Direct download (2 more)  
     
    My bibliography  
     
    Export citation  
  12. Larisa V. Shavinina & Michel Ferrari (eds.) (2004). Beyond Knowledge: Extracognitive Aspects of Developing High Ability. The Educational Psychology Series.
    Translate to English
    |
     
    My bibliography  
     
    Export citation  
  13. Michel Ferrari & Nezihe Elik (2003). Personal Selves and Intentional Conceptual Change. In Gale M. Sinatra & Paul R. Pintrich (eds.), Intentional Conceptual Change. L. Erlbaum. 21.
    No categories
     
    My bibliography  
     
    Export citation  
  14. Michel Ferrari & Carol M. Okamoto (2003). Moral Development as the Personal Education of Feeling and Reason: From James to Piaget. Journal of Moral Education 32 (4):341-355.
    This article traces the connection between William James's writings in The Varieties of Religious Experience and Jean Piaget's work on moral development through Piagets early work on religious experience. James characterises religious experience as unlocking deep personal power that can sustain a ?strenuous mood?. These ideas impacted the early work of Piaget on religious experience through the influence of Henri Bergson and The?odore Flournoy, both friends of James. The shared depth-psychology approach to religious experience of James and Piaget is important (...)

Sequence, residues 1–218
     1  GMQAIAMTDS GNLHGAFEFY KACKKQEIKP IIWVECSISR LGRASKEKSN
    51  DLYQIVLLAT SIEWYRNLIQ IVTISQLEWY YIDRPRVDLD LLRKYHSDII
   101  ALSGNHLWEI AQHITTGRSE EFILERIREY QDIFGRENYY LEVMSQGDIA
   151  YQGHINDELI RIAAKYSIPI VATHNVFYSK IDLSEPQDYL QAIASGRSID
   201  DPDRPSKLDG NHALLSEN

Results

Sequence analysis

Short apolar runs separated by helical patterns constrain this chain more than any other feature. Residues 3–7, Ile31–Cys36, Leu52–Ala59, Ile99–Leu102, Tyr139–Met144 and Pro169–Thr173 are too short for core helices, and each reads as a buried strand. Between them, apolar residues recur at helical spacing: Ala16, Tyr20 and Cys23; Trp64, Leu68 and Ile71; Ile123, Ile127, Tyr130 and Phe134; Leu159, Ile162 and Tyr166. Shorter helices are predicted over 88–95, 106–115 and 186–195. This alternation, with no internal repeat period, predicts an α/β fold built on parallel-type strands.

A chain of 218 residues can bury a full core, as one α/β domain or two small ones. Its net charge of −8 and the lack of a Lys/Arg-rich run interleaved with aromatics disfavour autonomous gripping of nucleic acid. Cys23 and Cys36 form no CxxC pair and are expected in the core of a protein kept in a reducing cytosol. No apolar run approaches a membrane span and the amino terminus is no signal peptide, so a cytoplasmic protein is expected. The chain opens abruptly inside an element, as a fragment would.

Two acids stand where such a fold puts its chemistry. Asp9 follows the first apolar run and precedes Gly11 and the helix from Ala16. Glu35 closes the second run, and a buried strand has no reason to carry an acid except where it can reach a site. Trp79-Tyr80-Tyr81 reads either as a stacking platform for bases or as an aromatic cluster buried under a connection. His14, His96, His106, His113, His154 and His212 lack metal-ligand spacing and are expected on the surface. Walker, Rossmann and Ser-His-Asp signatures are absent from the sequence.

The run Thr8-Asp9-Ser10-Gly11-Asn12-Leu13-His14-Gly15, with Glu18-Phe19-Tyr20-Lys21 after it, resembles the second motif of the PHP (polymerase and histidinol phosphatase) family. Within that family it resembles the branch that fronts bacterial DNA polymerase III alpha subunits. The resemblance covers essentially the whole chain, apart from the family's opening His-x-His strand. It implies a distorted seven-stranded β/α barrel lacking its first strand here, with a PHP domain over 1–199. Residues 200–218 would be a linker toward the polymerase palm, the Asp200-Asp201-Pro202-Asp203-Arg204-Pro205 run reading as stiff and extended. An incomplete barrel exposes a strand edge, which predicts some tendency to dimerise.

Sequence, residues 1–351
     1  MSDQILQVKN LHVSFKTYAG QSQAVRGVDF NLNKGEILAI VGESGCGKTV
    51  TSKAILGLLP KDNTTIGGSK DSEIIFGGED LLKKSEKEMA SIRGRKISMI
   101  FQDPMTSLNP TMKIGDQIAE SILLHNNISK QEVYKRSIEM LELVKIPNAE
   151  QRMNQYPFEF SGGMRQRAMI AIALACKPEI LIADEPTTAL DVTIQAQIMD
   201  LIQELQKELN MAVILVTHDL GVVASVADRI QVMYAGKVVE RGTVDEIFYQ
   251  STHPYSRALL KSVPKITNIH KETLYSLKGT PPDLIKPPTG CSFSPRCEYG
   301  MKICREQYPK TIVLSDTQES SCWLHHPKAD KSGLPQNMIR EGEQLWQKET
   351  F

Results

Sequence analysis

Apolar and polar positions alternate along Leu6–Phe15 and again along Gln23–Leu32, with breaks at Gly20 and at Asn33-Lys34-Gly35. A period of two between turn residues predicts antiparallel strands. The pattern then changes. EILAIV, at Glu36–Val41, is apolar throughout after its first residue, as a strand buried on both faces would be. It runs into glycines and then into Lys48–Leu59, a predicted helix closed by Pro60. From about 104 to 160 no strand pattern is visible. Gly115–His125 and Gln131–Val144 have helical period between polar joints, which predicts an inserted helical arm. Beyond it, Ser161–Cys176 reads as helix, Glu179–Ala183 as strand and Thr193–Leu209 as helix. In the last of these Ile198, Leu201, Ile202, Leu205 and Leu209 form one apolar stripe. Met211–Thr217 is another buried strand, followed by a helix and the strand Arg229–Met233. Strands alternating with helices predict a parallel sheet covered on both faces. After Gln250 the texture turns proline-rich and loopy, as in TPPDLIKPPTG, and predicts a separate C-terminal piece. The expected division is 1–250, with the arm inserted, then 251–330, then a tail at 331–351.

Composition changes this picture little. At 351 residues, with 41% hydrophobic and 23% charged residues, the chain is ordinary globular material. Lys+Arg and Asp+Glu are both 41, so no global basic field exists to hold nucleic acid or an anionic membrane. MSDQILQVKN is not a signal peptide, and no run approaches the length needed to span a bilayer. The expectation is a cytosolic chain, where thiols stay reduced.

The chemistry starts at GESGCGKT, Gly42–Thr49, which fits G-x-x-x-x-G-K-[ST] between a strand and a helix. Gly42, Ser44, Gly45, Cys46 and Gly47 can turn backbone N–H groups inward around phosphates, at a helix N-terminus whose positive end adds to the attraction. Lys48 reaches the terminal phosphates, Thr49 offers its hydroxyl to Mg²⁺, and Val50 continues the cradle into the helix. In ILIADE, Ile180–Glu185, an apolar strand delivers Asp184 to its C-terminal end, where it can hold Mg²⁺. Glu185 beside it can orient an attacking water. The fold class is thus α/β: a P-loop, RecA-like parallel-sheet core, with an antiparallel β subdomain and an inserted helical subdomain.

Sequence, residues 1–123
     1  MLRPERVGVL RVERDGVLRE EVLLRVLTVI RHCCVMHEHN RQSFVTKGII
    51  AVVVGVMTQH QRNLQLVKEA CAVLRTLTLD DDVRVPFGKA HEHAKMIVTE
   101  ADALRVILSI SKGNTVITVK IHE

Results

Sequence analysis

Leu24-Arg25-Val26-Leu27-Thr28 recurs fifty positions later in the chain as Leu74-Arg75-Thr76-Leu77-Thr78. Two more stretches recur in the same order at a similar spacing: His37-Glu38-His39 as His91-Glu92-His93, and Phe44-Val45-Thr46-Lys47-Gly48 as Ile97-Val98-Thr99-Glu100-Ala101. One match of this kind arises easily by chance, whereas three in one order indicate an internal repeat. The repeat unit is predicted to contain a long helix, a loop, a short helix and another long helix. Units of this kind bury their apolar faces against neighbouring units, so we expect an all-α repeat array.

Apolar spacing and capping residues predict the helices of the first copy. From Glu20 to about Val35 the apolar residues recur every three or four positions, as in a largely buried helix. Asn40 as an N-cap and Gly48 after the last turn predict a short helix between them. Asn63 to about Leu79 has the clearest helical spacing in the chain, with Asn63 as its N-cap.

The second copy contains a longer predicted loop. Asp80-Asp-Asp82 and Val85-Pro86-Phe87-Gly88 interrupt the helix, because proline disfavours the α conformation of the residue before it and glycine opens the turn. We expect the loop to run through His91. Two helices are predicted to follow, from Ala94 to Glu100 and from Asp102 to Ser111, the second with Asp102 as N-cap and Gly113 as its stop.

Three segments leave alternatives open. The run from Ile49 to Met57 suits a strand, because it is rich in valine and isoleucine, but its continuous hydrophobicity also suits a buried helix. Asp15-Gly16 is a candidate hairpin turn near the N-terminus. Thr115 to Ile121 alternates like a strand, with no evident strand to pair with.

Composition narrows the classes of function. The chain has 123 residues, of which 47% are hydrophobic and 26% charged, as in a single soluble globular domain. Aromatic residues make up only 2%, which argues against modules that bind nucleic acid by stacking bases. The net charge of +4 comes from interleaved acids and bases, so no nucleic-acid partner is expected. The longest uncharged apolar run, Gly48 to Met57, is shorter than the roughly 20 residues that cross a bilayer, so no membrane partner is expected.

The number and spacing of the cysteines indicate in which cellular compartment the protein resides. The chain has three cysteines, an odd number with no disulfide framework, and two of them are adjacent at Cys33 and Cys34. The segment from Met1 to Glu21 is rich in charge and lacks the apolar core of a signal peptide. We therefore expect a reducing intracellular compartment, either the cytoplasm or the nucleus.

Direct download (3 more)  
     
    My bibliography  
     
    Export citation  
  15. Michel Ferrari (2002). Development is Also Experienced by a Personal Self Who is Shaped by Culture. Behavioral and Brain Sciences 25 (6):755-756.
    I agree with Thomas & Karmiloff-Smith (T&K-S) in their critique of Residual Normality. However, first-person data must be integrated into their account of neurobiological development of disabilities. Furthermore, psychological development itself is not only about an individual’ brain and how it interacts with the world; rather, development depends crucially on the sociocultural context in which (normal and abnormal) children develop.
    Direct download (3 more)  
     
    My bibliography  
     
    Export citation  
  16. Michel Ferrari (2002). William James and the Denial of Death. Journal of Consciousness Studies 9 (9-10):9-10.
    No categories
    Direct download  
     
    My bibliography  
     
    Export citation